Mexico will need up to 200 million coronavirus vaccine doses, according to a senior government official, and inoculation of its 120 million inhabitants could start as early as April if clinical trials and regulatory approvals for pharmaceutical firm AstraZeneca Plc go as planned.
FILE PHOTO: The company logo for pharmaceutical company AstraZeneca is displayed on a screen on the floor at the New York Stock Exchange (NYSE) in New York, U.S., April 8, 2019. REUTERS/Brendan McDermid/File PhotoIn partnership with the governments of Mexico and Argentina, AstraZeneca initially plans to produce 150 million doses in early 2021 and eventually make at least 400 million doses for distribution throughout Latin America. AstraZeneca is among those working on COVID-19 vaccine candidates now in development around the world.
Mexico’s government also has said it is considering other options for bringing a vaccine quickly to its population, the second-largest in Latin America.
AstraZeneca will be able to produce between 30 and 35 million vaccines per month, Martha Delgado, a Mexican deputy foreign minister, told Reuters in an interview on Friday.
The vaccine could require two doses to be effective, Delgado said.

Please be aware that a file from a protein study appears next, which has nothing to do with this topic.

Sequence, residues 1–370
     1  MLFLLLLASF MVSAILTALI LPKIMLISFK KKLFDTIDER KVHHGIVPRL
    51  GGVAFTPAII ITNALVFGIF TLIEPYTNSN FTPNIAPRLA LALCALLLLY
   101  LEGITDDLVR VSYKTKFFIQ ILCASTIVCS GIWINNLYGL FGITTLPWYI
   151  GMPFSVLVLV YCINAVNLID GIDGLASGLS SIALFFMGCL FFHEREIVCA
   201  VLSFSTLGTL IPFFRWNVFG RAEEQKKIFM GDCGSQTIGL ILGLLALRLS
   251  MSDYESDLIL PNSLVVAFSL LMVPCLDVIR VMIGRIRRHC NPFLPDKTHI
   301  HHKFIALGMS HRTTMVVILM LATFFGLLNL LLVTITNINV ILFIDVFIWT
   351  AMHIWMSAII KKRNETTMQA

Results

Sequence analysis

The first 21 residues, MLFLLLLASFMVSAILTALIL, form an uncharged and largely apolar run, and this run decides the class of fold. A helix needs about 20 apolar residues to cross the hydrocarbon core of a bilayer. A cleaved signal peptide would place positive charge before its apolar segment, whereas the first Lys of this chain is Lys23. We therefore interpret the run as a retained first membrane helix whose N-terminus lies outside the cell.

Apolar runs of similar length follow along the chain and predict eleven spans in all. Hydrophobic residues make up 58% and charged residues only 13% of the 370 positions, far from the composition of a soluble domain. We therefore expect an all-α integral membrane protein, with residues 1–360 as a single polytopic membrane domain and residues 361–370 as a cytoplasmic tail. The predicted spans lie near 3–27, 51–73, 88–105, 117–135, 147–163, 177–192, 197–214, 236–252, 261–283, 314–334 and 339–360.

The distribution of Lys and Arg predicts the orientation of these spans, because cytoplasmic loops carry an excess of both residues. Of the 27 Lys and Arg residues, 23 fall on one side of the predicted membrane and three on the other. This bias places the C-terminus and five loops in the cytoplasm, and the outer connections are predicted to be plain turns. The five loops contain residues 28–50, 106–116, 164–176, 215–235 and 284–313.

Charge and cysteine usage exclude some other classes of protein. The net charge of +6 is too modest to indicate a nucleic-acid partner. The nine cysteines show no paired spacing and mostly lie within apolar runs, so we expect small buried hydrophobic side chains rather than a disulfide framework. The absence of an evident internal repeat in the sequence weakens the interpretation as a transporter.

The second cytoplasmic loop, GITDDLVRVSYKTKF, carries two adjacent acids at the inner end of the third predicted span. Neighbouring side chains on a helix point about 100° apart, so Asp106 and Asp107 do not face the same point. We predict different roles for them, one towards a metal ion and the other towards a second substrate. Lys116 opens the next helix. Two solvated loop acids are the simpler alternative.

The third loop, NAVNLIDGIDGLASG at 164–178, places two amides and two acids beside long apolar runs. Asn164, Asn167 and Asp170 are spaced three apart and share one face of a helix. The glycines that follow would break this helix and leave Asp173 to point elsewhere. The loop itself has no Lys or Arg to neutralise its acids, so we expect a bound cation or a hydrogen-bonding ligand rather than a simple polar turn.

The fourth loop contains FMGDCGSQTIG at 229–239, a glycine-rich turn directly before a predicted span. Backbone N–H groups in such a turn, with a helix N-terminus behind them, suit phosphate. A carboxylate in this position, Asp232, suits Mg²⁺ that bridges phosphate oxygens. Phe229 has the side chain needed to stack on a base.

“If we need 200 million, we’re going to be vaccinating for a long time,” Delgado added.
Last-stage so-called Phase III trials are expected to conclude by November or December, after which AstraZeneca will seek government approvals if the vaccine is found to be safe and effective. If that goes smoothly, Delgado estimated the first vaccines in Mexico could be administered in April.
Mexico’s death toll of 55,908 stands as the world’s third highest, behind the United States and Brazil. Latin America’s 6 million cases and more than 237,000 deaths make it the world’s hardest-hit region.
To ensure all Mexicans have access to a vaccine, President Andres Manuel Lopez Obrador’s government is in talks with other pharmaceutical laboratories in different stages of developing a vaccine.
“Astra’s production isn’t going to be enough for Mexico. We need to supplement that with a couple of more vaccines,” Delgado said.
Mexico’s government has completed memorandums of understanding with French drugmaker Sanofi, Johnson & Johnson’s Janssen unit and Chinese companies CanSino Biologics Inc and Walvax Biotechnology Co Ltd.
CanSino and Walvax are interested in producing a vaccine in Mexico for delivery to the Latin American market.
Mexico’s health authorities are evaluating the Phase I and II clinical trials of those four companies and will determine the viability of Phase III studies in Mexico in the coming weeks, Delgado said. The earlier phase trials represent an initial test of a vaccine’s safety and effectiveness among small numbers of subjects.
To save time, Mexico’s federal health regulator COFEPRIS will start analyzing AstraZeneca’s completed studies and accelerate approvals if Phase III is successful.
“This is the country’s strategy to diversify our possibilities of having access to the vaccine as soon as possible ... and obviously at an affordable cost for the country,” Delgado said.